In the burgeoning world of mobile phones, sub 4 inch screen Android device is a rarity. The latest phones on offer have some of the best mobile displays, like the 4.7 inch Super LCD 2 of the HTC One X, similar size with IPS display on the Google Nexus 4 or the Super AMOLED 4.8 inch screen of the Galaxy S III. Viewing videos on these phones is a pleasure, that now phones with come support to play High Definition videos, even 1080p. The stock video players are good enough but often lack support for multiple formats. Today we will review three great video players that offer support for almost all video formats plus a myriad of additional features.
Archos Video Player
Archos just recently launched the Ad-supported free version of their android video player on the Google Play market. Archos Video Player can play videos of most formats and has a simple yet intuitive interface, with a nice 3D effect of the videos when in landscape orientation. You can bookmark videos that then play from specific time of the video, ideal if you want to share or show an interesting part of the video to others. You can also change the brightness levels and volume during video playback and support Hardware acceleration. There is also an option to enable/disable screen rotation right within the Archos Video Player app.
Where this player excels though is the ability to stream video content from local computer, network storage on a local network or from an external USB storage device. It fetches videos from the shared servers on Samba or UPnP media servers and play them. It also fetches the movie or TV show information, poster from online source for all videos on both local and network storage.
I like the fact that Archos plays most video formats and even videos in shared servers as well as the ability to add bookmarks.
MX Player is one of the popular video player on Android devices. It has a minimalistic interface with tons of options and customization. Fire up the MX Player and you get the list of videos sorted in the order of their location in the System directories. The videos are loaded almost instantly and refreshes fast for those new added videos. The video playing interface is simple but the controls are done through gestures. Swipe up/down on the left side of the screen to adjust the brightness level, swipe on the right to adjust the volume. You can also fast forward or rewind the video with horizontal gestures. MX player also lets you lock the interface to avoid accidental touches.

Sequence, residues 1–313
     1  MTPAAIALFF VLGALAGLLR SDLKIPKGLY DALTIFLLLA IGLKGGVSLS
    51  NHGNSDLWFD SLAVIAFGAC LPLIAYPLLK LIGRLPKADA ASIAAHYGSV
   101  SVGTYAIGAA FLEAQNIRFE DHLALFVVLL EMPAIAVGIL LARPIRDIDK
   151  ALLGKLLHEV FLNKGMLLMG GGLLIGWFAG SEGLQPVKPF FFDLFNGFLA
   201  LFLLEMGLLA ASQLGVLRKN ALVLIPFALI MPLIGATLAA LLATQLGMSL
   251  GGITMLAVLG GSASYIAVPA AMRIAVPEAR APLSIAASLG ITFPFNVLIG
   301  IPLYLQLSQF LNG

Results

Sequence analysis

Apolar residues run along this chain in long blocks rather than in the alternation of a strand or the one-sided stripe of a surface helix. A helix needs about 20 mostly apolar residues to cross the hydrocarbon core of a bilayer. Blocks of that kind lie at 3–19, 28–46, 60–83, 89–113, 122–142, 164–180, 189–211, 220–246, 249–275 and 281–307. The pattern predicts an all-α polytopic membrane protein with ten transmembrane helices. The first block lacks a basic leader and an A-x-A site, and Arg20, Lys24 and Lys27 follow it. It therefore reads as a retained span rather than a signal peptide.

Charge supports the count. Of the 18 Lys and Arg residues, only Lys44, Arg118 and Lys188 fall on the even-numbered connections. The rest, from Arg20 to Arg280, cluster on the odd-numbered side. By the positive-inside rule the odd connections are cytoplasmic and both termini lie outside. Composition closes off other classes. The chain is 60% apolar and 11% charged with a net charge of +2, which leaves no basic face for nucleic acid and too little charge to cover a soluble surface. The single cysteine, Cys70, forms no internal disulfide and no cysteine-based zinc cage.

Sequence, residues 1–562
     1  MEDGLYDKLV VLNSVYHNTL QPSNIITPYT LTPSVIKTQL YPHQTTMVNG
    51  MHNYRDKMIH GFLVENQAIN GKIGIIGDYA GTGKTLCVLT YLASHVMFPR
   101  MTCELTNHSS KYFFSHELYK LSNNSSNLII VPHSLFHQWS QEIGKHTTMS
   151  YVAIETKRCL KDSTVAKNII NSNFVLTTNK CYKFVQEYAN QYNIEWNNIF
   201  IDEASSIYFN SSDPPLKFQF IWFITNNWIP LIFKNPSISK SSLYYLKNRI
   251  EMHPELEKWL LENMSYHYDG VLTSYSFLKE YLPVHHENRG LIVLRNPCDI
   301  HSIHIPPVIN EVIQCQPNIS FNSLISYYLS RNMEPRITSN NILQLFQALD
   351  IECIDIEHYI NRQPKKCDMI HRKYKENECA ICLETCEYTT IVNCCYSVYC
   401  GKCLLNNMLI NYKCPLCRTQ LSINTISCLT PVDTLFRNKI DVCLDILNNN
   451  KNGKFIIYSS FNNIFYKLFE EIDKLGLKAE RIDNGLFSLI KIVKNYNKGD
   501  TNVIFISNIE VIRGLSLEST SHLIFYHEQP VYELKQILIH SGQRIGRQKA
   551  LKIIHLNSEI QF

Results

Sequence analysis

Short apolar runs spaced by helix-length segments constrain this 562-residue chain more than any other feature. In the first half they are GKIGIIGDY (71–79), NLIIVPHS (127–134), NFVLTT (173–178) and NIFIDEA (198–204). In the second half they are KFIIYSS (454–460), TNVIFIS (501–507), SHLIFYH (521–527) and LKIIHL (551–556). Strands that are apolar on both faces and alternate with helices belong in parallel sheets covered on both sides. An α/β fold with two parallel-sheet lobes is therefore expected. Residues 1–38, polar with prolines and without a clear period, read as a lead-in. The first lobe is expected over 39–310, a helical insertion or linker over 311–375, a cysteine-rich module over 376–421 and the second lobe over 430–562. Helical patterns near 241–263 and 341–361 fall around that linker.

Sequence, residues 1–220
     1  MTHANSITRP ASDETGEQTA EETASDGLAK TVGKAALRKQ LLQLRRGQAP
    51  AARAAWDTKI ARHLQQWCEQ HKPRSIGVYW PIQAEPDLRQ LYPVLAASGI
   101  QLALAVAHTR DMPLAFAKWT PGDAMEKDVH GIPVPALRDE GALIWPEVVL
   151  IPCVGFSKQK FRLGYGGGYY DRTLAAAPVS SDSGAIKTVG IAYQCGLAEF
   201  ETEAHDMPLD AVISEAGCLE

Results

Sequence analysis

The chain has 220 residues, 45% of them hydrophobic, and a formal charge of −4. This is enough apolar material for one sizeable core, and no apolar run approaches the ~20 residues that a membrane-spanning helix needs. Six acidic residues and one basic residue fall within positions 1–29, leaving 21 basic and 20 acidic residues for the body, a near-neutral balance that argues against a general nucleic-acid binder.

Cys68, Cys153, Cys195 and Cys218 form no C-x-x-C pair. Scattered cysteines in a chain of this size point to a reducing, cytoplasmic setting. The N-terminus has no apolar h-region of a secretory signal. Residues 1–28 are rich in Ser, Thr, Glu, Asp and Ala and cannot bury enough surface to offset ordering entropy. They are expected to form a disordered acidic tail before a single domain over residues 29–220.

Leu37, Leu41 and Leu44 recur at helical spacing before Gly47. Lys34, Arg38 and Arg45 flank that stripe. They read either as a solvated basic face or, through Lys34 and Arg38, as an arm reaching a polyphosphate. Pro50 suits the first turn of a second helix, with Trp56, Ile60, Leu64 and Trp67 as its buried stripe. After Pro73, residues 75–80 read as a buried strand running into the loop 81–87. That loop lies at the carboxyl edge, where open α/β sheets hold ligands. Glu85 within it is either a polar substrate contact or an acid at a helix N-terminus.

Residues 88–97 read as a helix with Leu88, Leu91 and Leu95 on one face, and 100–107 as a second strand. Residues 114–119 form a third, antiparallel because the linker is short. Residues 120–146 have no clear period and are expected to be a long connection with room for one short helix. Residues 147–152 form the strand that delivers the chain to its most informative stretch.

MX Player supports a wide variety of video formats and is one of the most compatible android players, with codecs available for download for different devices. It has 3 decoders – Hardware, Hardware + and software decoder. You can customize the video list and the player interface from it’s preferences. It can also automatically load the subtitles for the video when available.
I like MX Player for it’s no-frills video player, customization and universal support for all Android devices.
MX Player is available for free on Google Play, with codecs for different devices automatically downloaded after install. Related – Stream audio and video from Android to your desktop computer.
VLC for Android
One of the favorite video players on desktop, VLC has now evolved to the mobile platforms. It was available for a brief period in the Apple App Store back in 2010, the Android version was only released last year. It is still in beta stage, but it is promising to be “Swiss Knife of Video Players” on the Android platform too!
VLC for Android plays both Audio and Video formats and plays almost all the formats known. It opens up to show all the media files available on the Android device. The video interface is similar to that of MX Player, with swipe gestures to adjust the brightness, volumes and the video timeline. VLC also supports hardware acceleration and has customization options available. It also has widget support, though it doesn’t have the lock screen widget that would have come in handy.
It is still in beta stage. It takes quite a bit of time to load the media files on your Android and takes even more for loading the thumbnails. The video interface, although functional, is not smooth and stutters at times, especially during swipe gestures. It does not support all devices as yet, but developers have promised improvements coming soon.
I like VLC for the fact that it can play both audio and video and another reason maybe, well, it’s VLC!
As mentioned earlier, there are tons of video players out there for Android. We hope to cover more video players in the future. Do let us know your thoughts in the comments.